Two Auburn sophomores who saw the need at a local animal shelter have now rescued and helped find foster homes for 10 dogs.
Shelby Stephens, sophomore in natural resources management, said she is a total dork for animals. While looking through shelter Facebook pages she came across a page called “Adoptables of Columbus Animal Care and Control Center.”
Through this Facebook page, volunteers of the shelter post pictures of the adoptable animals, mostly dogs.
Stephens fell in love with some of the pups and watched, waiting to see when they would be adopted.
“I could right off the bat see the need there because they have a very small amount of runs available to hold dogs,” Stephens said.
While watching one specific dog, Maxwell, a brown lab and pit mix, Stephens said that she could not sit idly anymore and watch the dog get euthanized.
Stephens asked Katelynn Roy, sophomore in organismal
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Upon going to pick up Maxwell, both girls realized the need was much greater.
There were five other dogs on the euthanasia list.
“Either six dogs are coming into my house or going into someone’s house. They are not staying there. I can’t let that happen,” Roy said.
The cost of pulling that many dogs from the shelter is high, so Stephens and Roy reached out for help.
“I worked with the vet school and they have a huge email list that probably reaches about 500 people … I reached out and asked for help, and they were willing to let us borrow crates, donate crates, donate food, donate money to go toward things,” Roy said.
Through the vet email list, friends, family and a dog spotting group-me, the girls saw an influx of money, dog food, collars, leashes and crates for the dogs.
Within the first few
“Our ultimate goal is we would love to start an official foster organization on Auburn’s campus to be a group that advocates for dogs in these high kill shelters in rural Georgia and Alabama,” Stephens said.
Stephens said that without the “Adoptables of Columbus Animal Care and Control Center” Facebook page, nothing would have changed.
“There are 40 runts in there and about 35 of those dogs are pits,” Stephens said. “I think people just don’t realize what goes on because even though I had heard how bad overpopulation was in the South – to hear those numbers and to go in there and see it, it’s overwhelming.”
Pits are often ignored in the shelter, Roy said. Black dogs, too, are less likely to be noticed. The volunteers who run “Adoptables of Columbus Animal Care and Control Center” however, show the personality and friendliness of the dogs.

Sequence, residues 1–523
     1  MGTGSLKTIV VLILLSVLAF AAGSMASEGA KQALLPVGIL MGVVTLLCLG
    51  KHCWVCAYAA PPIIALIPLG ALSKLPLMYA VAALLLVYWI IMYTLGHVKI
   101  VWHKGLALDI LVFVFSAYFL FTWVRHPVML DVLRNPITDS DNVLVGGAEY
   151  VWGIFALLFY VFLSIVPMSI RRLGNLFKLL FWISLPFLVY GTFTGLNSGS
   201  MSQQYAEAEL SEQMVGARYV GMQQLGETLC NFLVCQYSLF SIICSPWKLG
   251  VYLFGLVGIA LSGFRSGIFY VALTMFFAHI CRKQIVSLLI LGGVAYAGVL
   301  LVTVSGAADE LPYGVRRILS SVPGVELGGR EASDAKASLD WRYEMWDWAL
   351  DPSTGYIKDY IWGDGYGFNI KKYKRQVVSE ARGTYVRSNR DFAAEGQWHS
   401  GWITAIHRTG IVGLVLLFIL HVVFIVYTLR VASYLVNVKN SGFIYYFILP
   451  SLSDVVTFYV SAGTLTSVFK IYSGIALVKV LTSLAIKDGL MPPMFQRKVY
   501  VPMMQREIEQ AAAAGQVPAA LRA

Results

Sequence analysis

“I think one of the biggest problems with shelters right now is people just don’t realize the need for adoption,” Roy said.
Stephens described some of the dogs and how well behaved they are. Maxwell is potty trained and walks calmly on a leash. He barks infrequently and is a loving dog.
“As soon as you get them out of [the shelter], they just open up and blossom,” Stephens said. “They’ll play, they’ll lick, they’ll be just the dog they were supposed to be, but if they are just in that kennel you don’t really get to see that.”
The women would like to be able to pull more dogs from the shelter as the need arises, Stephens said. They desire to have an organization of people who see the need and want to help.
Since Roy and Stephens began the program, they have seen people go from fostering dogs to adopting them.
“Sadie is a 30-pound pit mix, and she is a complete angel. I have definitely been blessed with an amazing first experience,” Limberis said.
Stephens and Roy said that with the community surrounding them, they have been able to find homes for many of their fosters, and others are on the way to adoption.
“If anybody is interested in fostering, let us know,” Stephens said. “It’s a big responsibility because since we do legally adopt these dogs out, there is not technically a foster program for this shelter. There is no telling how long it’ll take to adopt these dogs out.”
To help find homes for these loving dogs, the girls have created a Facebook page called Pups on the Plains Rescue Team. Stephen and Roy said they hope this will lead to more growth.
“It’s overwhelming,” Stephens said. “I mean when I saw how much money we were able to raise for these dogs, I started crying. Because I can’t believe people care about this as much as I do. I am so glad that I’ve been able to help in any way with these dogs.”
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